Thursday, June 09, 2016

Guest Post: Jeanne on "Mystery on the Menu"

Please welcome back Jeanne of the Bookblog of the Bristol Public Library with a follow-up to her recent post about food in mysteries.  While I do notice what folks are eating in mysteries, I don’t seek out the food themed mysteries. Apparently a lot of folks do and there are suggestions in the piece if you like to seek those kinds of books out….

Mystery on the Menu

As I said in an earlier post, my first introduction to food in mysteries was with Rex Stout’s Nero Wolfe.  Wolfe was a gourmet whose table boasted exotic dishes such as shad roe, roast duckling, squab, oysters, and so forth. Stout wasn’t averse to including Archie’s taste for more plebian dishes on occasion, usually corned beef sandwiches and some sort of pie.  Food revealed character, and at least once a murderer.
(You should never try to fool Nero Wolfe in a taste testing.) I wasn’t surprised to learn that Rex Stout had actually compiled a Nero Wolfe Cookbook but it would never have occurred to me to try to find recipes. (Note: There are a number of sleuth-inspired cookbooks, including The Lord Peter Wimsey Cookbook by William Eakins and Elizabeth Bond Ryan, Food to Die For: Secrets from Kay Scapetta’s Kitchen and Scarpetta’s Winter Table by Patricia Cornwell, and the recent Goldy’s Kitchen Cookbook by Diane Mott Davidson.)

The next time I noticed food in a mystery it was actually in a note from the author.  In one of the delightful Sarah Kelling mysteries, there was an author note from Charlotte MacLeod to the effect that readers had been asking Ms. MacLeod for Sarah’s recipes.  Ms. MacLeod seemed a bit bemused by this as was I: I’d noticed that in one book Sarah hastily threw together some hors d’oeuvres for her boarders, but it never occurred to me that anyone would ask for a recipe.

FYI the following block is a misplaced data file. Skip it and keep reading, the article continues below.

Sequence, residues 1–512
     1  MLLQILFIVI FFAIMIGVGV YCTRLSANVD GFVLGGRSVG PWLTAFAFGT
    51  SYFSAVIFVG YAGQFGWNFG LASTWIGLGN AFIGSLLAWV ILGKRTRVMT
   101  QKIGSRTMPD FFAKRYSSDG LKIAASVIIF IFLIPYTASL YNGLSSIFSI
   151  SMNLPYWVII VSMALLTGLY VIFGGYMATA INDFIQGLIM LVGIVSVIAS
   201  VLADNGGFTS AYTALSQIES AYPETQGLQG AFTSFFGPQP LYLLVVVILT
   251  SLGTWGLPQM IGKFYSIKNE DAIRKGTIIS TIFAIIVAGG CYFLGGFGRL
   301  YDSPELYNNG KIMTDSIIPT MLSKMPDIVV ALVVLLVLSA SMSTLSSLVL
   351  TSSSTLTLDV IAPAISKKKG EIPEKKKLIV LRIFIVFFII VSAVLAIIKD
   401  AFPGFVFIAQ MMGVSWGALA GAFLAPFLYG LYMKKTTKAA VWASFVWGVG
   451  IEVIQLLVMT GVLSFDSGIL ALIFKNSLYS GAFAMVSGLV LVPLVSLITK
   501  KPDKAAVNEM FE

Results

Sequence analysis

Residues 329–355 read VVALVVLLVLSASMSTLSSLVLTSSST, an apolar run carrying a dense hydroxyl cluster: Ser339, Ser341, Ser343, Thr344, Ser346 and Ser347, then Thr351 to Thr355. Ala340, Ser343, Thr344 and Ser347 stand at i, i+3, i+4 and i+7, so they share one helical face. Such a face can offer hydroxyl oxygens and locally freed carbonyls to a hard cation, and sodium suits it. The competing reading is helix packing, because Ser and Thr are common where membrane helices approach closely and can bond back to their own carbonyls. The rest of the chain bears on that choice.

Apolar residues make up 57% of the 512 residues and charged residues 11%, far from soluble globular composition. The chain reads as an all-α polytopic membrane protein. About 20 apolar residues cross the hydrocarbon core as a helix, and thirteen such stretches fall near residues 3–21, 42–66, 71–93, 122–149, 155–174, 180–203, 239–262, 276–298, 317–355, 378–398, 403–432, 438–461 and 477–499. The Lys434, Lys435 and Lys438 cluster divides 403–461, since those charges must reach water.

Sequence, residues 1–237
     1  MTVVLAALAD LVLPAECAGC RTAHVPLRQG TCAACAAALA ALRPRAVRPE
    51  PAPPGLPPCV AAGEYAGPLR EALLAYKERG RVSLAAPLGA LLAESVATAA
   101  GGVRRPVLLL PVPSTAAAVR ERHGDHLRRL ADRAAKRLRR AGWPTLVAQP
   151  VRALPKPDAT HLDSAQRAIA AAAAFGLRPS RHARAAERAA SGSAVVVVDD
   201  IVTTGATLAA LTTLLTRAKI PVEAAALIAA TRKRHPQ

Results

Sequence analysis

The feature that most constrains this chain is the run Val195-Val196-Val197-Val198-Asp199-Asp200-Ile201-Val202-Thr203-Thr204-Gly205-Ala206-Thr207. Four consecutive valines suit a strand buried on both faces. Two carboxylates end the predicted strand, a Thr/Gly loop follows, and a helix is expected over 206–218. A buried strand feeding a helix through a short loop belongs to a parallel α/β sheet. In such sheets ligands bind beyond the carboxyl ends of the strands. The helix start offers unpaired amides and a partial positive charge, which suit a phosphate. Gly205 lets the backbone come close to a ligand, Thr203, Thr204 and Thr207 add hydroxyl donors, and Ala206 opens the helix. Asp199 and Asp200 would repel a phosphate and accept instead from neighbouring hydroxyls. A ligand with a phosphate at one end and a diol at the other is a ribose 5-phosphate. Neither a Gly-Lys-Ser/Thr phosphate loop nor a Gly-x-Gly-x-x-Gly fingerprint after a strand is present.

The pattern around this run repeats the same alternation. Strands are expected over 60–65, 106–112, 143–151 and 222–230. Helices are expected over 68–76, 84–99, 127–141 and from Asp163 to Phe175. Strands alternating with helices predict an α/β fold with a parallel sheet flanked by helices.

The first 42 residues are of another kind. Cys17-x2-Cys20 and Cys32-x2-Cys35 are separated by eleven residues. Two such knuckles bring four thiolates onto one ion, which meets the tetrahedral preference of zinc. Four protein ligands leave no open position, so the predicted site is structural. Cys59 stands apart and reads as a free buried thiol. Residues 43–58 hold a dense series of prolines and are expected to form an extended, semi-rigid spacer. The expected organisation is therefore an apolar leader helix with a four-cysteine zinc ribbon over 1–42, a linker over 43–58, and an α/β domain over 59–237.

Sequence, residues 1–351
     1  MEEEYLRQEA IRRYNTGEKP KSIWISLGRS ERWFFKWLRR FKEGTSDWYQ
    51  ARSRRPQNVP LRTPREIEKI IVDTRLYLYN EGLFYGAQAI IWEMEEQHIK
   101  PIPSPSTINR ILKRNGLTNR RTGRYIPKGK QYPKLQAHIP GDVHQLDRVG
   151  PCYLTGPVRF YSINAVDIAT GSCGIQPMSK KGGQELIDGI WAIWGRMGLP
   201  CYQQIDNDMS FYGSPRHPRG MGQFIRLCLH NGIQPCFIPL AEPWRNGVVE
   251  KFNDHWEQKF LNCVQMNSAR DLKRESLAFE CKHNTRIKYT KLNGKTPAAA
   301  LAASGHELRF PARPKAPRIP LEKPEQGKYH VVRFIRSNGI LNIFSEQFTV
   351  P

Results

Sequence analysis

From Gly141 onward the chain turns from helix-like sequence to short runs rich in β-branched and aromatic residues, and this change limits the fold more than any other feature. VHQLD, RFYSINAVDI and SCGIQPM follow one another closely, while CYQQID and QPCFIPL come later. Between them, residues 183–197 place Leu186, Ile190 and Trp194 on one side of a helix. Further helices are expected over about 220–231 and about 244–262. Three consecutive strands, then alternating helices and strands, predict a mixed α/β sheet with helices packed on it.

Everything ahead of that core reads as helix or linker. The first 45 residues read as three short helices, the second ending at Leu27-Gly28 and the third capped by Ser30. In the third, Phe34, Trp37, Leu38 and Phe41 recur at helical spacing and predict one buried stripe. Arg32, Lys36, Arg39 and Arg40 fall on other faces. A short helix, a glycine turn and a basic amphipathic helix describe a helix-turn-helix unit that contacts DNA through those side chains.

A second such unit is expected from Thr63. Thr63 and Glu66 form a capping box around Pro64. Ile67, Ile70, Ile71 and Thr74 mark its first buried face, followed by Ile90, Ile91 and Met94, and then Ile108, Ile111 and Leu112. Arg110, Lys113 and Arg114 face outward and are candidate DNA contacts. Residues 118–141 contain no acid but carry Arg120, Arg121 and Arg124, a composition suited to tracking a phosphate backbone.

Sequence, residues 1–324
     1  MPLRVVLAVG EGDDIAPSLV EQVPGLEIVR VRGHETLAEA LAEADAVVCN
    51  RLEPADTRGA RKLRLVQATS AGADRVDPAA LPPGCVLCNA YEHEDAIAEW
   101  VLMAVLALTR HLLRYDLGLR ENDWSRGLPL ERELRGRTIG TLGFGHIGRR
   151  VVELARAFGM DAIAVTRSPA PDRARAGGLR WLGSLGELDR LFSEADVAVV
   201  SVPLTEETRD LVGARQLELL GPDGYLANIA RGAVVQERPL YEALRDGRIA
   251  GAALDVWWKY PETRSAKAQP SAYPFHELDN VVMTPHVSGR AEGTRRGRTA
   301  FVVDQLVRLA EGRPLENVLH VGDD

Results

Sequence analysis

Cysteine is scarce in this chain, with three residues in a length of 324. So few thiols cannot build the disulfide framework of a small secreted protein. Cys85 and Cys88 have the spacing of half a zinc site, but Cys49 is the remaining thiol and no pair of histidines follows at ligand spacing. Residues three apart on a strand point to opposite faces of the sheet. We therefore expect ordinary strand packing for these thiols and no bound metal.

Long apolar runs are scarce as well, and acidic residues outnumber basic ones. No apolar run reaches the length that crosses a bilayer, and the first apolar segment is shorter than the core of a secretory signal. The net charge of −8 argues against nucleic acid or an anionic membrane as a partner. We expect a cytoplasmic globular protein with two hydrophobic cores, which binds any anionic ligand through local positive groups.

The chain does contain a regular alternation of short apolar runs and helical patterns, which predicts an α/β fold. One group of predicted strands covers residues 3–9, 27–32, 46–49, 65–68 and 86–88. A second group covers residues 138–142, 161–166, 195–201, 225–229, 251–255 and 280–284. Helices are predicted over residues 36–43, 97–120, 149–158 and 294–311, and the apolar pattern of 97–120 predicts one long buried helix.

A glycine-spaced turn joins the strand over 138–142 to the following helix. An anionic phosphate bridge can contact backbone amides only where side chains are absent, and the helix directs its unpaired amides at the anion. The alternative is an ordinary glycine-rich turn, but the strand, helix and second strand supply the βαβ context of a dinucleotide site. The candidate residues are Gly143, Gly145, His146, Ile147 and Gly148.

Boy, was I short sighted.

The first truly food-themed mysteries I can remember were Virginia Rich books, starting with The Cooking School Murders.  Nancy Pickard’s site says that Rich was the pioneer who made food a centerpiece of the story and included recipes, and I have no reason to disbelieve this.  Rich was a food editor and excellent cook, so the marriage of food and mystery was a natural for her. She died before completing the fourth book in the series, and Nancy Pickard was tapped to finish The 27 Ingredient Chili Con Carne Murder.  Pickard has since added to the adventures of widowed chef Eugenia Potter.

From then on, it seems, the practice of marrying mystery to food and recipes has become almost a clich√©.  Some might even say there’s no “almost” to it.  In fact, the field has grown so crowded that authors are specializing: tea shop mysteries, coffee mysteries, food truck mysteries, candy mysteries, cake mysteries—you get the idea.  As for the readers, some of our patrons are only interested in the recipes.  I know we have inter-library loaned several books for one patron who simply takes them to the photocopier and prints off the recipes.  Others are more interested in the plot and puzzle, and some demand quality in both aspects.

The genre is so popular that we created a bibliography for folks.  As the new series kept on coming, we’ve had to revise that bibliography and turn it into several different ones, dividing them up by type of edible.  Here are some examples:

“Sweets and Treats” features those mysteries in which candies, cakes, pies, pastries, and/or cookies form the backdrop.  Authors include JoAnna Carl (Chocoholic Mysteries), Jessica Beck (Donut Shop), Ellery Adams (Charmed Pie Shoppe), Gayle Trent (Daphne Martin, who bakes cakes), Joanna Fluke (Hannah Swensen who owns The Cookie Jar), and Jenn McKinlay (Cupcake Bakery).  The ”Tasty Mysteries” list includes Diana Mott Davidson with caterer Goldy Schulz, Laura Child’s Cackleberry Club, Julia Hyzy (White House Chef), Chris Cavender’s pizza parlor owner Eleanor Swift, Avery Aames (Cheese Shop), and J.B. Stanley  (Supper Club.) We’ll be adding a Beverage Bib in the future so we can include Child’s Tea Shop Mysteries, Cleo Coyle’s Coffeehouse, and the various wine related mysteries.

This is just a taste (pun intended) of the number of food themed series out there.  Bon appetite! Or, if you prefer, bone appetite!

1 comment:

Patricia Stoltey said...

I love the series by Diane Mott Davidson. I also love Susan Wittig Albert's China Bayle series. There's a tea shop associated with the herb garden and shop. That's where I found the lavender scone recipe.